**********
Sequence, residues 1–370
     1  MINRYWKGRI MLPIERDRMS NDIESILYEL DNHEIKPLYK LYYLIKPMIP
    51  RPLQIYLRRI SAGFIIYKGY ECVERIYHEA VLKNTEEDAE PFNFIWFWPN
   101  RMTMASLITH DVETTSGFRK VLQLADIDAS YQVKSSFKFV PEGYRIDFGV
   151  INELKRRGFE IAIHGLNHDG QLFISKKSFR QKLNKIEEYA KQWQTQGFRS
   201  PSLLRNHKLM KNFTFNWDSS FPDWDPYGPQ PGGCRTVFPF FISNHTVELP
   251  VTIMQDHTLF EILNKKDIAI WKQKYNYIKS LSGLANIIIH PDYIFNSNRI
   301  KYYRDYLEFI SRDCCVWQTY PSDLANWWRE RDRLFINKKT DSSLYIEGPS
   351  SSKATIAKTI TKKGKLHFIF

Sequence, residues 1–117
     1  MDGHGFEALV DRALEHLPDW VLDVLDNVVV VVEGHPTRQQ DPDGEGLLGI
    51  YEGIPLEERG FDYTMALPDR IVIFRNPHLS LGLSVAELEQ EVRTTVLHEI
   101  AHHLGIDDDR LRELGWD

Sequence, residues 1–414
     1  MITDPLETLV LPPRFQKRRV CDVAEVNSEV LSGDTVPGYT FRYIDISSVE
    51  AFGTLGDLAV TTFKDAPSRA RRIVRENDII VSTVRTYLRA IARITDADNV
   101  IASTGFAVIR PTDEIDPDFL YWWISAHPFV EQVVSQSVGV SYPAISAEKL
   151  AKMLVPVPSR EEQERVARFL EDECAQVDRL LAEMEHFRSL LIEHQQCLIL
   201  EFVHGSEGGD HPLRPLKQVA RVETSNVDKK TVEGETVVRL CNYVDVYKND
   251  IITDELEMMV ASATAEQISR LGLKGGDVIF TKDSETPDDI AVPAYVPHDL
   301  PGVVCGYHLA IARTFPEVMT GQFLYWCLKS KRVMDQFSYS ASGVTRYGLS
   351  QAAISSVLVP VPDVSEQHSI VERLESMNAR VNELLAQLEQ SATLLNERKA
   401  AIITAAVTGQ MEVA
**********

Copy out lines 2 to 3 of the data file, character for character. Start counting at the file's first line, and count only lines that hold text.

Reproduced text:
     1  MINRYWKGRI MLPIERDRMS NDIESILYEL DNHEIKPLYK LYYLIKPMIP
    51  RPLQIYLRRI SAGFIIYKGY ECVERIYHEA VLKNTEEDAE PFNFIWFWPN